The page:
If we wish not to lose time we can initialise the thread pool and create our core max pool of threads before the first runnables to be submitted:

int count = ((ThreadPoolExecutor) executor).prestartAllCoreThreads();

SingleThreadExecutor

We can create a SingleThreadExecutor instance by calling the static factory method:

final Executor executor = Executors.newSingleThreadExecutor();

which behind the scenes calls the ThreadPoolExecutor constructor in the following flavour:

public static ExecutorService newSingleThreadExecutor() {
        return new FinalizableDelegatedExecutorService
            (new ThreadPoolExecutor(1, 1,
                                    0L, TimeUnit.MILLISECONDS,
                                    new LinkedBlockingQueue()));
    }

Based on these arguments core pool size = max pool size = 1 and this thread is kept even as idle in the pool until the end of the single thread executor. Similarly as the FixedThreadPoolExecutor there is a LinkedBlockingQueue of Runnables to hold on the tasks before submitting them one by one on to the sole running thread.

CachedThreadPool

A CachedThreadPool Executor can be created as follows:

final Executor executor = Executors.newCachedThreadPool();

which makes a call to the ThreadPoolExecutor constructor with the following arguments:

public static ExecutorService newCachedThreadPool() {
        return new ThreadPoolExecutor(0, Integer.MAX_VALUE,
                                      60L, TimeUnit.SECONDS,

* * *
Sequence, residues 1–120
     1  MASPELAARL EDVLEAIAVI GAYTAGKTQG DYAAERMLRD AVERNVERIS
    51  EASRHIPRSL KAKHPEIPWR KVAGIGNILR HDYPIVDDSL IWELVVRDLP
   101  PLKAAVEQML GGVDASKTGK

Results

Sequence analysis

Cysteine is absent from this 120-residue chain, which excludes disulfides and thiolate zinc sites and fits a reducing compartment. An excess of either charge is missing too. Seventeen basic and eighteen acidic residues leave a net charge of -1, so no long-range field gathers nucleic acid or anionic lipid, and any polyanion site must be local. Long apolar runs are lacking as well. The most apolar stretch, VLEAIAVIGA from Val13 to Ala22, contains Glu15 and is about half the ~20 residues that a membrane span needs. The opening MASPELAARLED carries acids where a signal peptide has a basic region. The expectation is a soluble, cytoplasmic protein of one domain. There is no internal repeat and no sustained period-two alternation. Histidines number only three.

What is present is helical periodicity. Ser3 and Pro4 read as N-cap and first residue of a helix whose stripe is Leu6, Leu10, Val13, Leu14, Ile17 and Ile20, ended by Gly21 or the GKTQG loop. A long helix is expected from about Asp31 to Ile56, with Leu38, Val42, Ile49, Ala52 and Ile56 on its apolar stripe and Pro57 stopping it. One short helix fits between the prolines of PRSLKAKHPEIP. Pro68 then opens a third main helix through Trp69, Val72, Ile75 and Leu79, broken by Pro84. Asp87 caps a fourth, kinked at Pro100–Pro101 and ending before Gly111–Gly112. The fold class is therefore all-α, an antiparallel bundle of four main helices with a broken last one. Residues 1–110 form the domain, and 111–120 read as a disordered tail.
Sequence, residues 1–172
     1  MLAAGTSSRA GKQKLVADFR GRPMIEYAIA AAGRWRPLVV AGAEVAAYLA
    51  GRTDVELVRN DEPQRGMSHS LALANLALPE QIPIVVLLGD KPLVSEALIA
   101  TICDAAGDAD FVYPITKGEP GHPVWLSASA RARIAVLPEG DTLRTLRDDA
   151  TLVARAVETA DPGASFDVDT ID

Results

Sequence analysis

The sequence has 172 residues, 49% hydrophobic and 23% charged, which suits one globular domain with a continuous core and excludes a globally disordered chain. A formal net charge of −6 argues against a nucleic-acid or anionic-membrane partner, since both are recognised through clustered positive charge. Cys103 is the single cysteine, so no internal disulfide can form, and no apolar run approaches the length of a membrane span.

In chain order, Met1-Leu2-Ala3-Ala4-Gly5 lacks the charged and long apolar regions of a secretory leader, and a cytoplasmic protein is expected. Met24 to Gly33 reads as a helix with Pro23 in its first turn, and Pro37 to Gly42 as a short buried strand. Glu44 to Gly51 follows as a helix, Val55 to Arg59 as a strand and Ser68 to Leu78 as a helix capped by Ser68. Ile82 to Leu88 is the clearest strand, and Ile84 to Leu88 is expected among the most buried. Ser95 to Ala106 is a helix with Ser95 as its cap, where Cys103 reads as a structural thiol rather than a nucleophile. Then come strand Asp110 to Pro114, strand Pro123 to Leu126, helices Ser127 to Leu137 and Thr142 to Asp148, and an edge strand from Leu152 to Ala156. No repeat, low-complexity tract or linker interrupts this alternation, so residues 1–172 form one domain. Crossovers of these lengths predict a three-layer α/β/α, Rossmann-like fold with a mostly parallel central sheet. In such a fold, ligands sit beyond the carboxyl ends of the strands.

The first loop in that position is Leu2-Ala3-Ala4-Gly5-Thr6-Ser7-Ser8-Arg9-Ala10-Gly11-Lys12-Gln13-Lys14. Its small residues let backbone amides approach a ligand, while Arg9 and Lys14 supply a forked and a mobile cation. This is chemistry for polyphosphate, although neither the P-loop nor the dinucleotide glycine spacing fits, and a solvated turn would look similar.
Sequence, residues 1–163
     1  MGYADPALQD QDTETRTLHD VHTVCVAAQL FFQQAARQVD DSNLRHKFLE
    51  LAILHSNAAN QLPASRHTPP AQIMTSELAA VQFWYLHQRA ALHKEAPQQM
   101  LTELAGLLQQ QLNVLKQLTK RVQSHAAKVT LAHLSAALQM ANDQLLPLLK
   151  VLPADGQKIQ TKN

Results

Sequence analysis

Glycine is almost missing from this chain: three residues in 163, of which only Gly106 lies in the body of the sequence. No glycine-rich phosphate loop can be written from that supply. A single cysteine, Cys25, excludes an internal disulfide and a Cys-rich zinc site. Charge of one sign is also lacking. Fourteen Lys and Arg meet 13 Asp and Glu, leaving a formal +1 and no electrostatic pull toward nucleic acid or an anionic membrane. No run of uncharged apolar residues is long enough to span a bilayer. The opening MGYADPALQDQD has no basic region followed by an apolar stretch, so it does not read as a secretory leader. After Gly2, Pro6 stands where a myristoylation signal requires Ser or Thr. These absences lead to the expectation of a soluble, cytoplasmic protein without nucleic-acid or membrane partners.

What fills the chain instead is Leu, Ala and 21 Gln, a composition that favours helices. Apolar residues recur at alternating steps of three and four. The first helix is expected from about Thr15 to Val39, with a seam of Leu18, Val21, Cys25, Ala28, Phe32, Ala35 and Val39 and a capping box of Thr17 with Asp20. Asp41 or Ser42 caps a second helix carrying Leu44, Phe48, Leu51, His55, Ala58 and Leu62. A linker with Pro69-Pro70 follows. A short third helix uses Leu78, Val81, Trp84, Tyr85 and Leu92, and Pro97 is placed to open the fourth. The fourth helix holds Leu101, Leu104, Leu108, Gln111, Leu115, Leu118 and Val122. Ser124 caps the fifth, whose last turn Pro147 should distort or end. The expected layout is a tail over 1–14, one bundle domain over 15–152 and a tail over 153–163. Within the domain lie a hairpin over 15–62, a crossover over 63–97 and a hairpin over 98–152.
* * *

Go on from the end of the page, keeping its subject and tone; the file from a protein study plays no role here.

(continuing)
new SynchronousQueue<Runnable>());
    }

So although the static factory method has no arguments the ThreadPoolExecutor constructor which is called underneath creates an unbounded ThreadPoolExecutor where all runnables are making it into the executor and after successful completion they stay in idle state in the thread pool for 60 seconds before they get decommissioned if not getting used earlier.

Log4j Properties VS XML IDE autocompletion and code assistance

Here’s why I prefer Log4j configured via an XML rather than a properties file:

I love my IDEs and a good reason for that is their autocompletion capabilities. XML structured configuration files tend to give you their grammar/syntax/doc and rules on an XSD or DTD file that are publicly available to help IDEs (and patient humans) autocomplete while editing the XML file.

I personally highly value this convenience.

Now for some reason everywhere in the Internet when I query “log4j xml file” I get back lots of sample config files that they all start by:

<?xml version="1.0" encoding="UTF-8" ?>
<!DOCTYPE log4j:configuration SYSTEM "log4j.dtd">

<log4j:configuration xmlns:log4j="http://jakarta.apache.org/log4j/">

This simply doesn’t work and doesn’t help the IDE (let it be IntelliJ or Eclipse) that is looking in vain for guidance and instructions out of a missing log4j.dtd file (found under org.apache.log4j.xml) or a meaningful http://jakarta.apache.org/log4j/ url.

To keep the IDE happy replace with the url of the DTD and remove the latter url (log4j:configuration is defined in the DTD file anyway therefore keeping happy the IDEs autocompletion system).